How To Make Chatbots That Are Actually Worth Talking To

An advertising copywriter’s perspective on the new bot era.

How To Make Chatbots That Are Actually Worth Talking To
[Illustration: Jay Zasa, courtesy of R/GA]

The bots are coming. Every day now there’s a new announcement of a major media or technology player betting big on the future of chatbots powered by artificial intelligence, that will do everything from helping us book trips to controlling our ever-smarter homes.


It makes sense. Our natural language is, well, the most natural way for humans to communicate. Getting what we want through a conversation with an intelligent agent is bound to feel simpler than using a click-based interface, especially in a world where mobile rules.

It feels like a new horizon is opening up, but also like a bit of déjà vu. In the early 2000s I worked as a copywriter on one of the first IM-based chatbots, named VaVaVirgil, who was built to help the Virginia Tobacco Settlement Foundation educate teens on the dangers of smoking.

The process was tedious to say the least. You first had to catalog every unique thought that someone might express to the bot. Then list out every possible way that thought might be expressed in words, including common misspellings–English being particularly noteworthy for having almost innumerable ways of saying anything. Finally, all these possibilities needed to be collapsed and scripted using a kind of markup code that the bot could understand. This last step was done sitting side by side with a creative developer. Then of course you have to craft all the witty responses for every single possible input.

The explosion in deep learning makes creating a chatbot today much less painful. You only need to give the bot some examples of what you’re talking about, and it can fill in the gaps, which is amazing. The big difference is that with VaVaVirgil, the bar was extremely low. Success was the bot being able to respond two or three times with something that felt plausibly connected to the input. To really catch on, bots will need to track complex conversations, guide people through complicated purchasing decisions, and solve real problems in real time.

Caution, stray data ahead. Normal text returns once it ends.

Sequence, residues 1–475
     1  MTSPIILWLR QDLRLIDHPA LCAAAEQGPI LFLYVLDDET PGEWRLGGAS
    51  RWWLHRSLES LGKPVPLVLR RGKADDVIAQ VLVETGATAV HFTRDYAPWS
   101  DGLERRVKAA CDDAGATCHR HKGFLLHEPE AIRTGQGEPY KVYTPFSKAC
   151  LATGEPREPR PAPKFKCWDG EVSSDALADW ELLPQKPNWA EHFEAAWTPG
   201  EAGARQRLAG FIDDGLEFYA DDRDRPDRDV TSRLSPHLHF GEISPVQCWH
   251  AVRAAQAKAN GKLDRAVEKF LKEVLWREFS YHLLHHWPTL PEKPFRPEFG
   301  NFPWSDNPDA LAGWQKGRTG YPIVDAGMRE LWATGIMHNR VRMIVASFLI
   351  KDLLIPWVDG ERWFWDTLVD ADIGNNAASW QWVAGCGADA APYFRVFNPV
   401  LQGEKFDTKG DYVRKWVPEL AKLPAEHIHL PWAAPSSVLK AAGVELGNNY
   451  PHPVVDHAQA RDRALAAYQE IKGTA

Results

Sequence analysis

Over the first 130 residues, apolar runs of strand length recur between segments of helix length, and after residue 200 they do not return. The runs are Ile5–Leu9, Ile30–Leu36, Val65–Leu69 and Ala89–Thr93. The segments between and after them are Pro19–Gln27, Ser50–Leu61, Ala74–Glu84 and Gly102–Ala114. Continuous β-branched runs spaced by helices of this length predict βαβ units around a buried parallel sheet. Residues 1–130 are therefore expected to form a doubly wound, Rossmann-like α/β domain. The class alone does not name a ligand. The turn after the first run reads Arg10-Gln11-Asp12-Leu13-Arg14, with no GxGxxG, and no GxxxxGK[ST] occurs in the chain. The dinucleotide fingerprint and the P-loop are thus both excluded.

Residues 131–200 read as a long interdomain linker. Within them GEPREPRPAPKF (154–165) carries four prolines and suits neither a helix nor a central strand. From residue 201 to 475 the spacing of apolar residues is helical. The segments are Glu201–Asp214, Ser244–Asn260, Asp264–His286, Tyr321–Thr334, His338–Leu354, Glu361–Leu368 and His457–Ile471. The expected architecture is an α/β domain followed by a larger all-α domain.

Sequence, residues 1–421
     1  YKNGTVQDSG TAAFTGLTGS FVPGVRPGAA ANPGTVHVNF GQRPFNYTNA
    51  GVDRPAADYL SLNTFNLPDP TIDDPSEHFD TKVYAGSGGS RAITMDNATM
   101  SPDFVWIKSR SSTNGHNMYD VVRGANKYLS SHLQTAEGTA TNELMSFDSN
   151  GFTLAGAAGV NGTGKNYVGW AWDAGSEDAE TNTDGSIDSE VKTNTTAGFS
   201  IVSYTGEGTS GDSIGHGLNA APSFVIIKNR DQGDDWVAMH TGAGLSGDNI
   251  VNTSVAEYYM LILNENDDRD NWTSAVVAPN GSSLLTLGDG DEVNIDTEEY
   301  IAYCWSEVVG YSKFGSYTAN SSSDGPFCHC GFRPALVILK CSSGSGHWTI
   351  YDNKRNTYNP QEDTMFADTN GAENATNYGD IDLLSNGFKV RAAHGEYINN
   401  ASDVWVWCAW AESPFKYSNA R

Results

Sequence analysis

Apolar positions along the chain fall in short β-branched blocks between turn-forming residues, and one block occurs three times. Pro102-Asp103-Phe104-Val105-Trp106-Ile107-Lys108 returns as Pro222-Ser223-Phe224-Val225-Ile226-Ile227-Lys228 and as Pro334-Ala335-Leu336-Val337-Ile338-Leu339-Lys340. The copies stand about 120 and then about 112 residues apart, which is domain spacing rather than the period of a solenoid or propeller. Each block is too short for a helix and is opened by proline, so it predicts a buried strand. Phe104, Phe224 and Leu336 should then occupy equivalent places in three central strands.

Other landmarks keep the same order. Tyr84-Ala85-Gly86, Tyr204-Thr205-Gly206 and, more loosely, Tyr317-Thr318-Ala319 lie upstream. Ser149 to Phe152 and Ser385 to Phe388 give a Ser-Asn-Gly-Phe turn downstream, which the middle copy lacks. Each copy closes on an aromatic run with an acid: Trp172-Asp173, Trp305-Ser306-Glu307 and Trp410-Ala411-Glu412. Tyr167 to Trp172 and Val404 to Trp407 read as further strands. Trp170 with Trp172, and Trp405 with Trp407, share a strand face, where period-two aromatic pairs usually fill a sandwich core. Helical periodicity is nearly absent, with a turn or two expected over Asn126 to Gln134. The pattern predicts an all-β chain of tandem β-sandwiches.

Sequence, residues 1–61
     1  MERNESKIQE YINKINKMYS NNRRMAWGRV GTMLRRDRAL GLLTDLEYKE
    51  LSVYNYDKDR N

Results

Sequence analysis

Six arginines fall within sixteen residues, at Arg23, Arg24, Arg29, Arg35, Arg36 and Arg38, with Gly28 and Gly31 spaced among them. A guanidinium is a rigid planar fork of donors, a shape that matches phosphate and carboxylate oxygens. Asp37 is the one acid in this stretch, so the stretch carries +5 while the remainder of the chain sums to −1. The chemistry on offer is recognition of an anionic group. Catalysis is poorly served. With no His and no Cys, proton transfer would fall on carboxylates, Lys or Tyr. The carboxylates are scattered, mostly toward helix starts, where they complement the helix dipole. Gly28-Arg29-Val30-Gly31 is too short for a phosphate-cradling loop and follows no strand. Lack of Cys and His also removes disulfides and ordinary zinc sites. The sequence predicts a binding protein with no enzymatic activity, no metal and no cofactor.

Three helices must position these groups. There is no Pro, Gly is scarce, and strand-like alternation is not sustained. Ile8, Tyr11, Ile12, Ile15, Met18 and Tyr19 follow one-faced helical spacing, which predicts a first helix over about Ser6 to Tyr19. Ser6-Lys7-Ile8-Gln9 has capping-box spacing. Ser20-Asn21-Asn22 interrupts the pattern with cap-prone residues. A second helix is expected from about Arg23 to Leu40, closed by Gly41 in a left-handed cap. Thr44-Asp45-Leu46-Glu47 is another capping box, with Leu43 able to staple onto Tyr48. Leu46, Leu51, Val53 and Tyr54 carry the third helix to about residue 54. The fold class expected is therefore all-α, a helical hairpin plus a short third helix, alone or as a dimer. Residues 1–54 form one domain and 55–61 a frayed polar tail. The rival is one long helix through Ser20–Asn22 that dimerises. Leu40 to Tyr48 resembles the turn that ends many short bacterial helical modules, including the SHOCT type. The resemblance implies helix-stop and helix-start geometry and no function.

With that in mind, here are some tips that can help guide us as we enter this new world.

Photo: Flickr user m01229

Collaborative Stretching

Everyone involved will need to reach outside their normal boundaries. To start, you’ll need a writer who can nail the tone of the brand, but also think abstractly about how language works, like a coder would. And they’ll need to partner closely with a creative developer who can look at English as another programming language.

Planning for the Worst

Microsoft’s recent Tay debacle didn’t come as a surprise. Having seen the user logs for VaVaVirgil back in the day (some of which can still be found online) it’s clear that at first, mostly people will try to trick bots into saying the wrong thing. Eventually that will wear off, but it’s good to make sure all the right profanity filters are in place.

Photo: Flickr user Robert Couse-Baker

Creating Personalities

We should aim high. There’s no reason why the bots we create can’t become at least as famous and culturally relevant as beloved characters from TV advertising. You might say that the fact that they aren’t real makes this impossible, but it’s important to remember that Flo isn’t real either.

Don’t Forget the Data

Chatbots can pull data from everywhere to make the conversation more personal, relevant, and fit for the context in which it’s occurring. They should also be thinking about conversations that involve more than just voice and text. What if a bot could serve up relevant graphics, animations, and videos that were all personalized to your exact needs, to help you decide on which product to buy or plan to sign up for?

Photo: Flickr user Ben Seidelman

Intend to Improve

No matter how carefully you think through the conversations your bots will have with people, nothing will tell you what the bot needs to do better than looking at how real people are interacting with it in the wild. Plan on launching a Minimum Viable Bot (MVB), then optimizing and improving it in real time.


Bots Just Wanna Have Fun

Let’s remember that in addition to being incredibly useful, talking to a robot could be a lot of fun. Subservient Chicken was essentially a chatbot that took in text from the user and returned video clips. All these years later, it seems like the creative potential of conversational interfaces connected to deep learning is virtually unlimited.

Jay Zasa is a senior vice president and executive creative director at R/GA.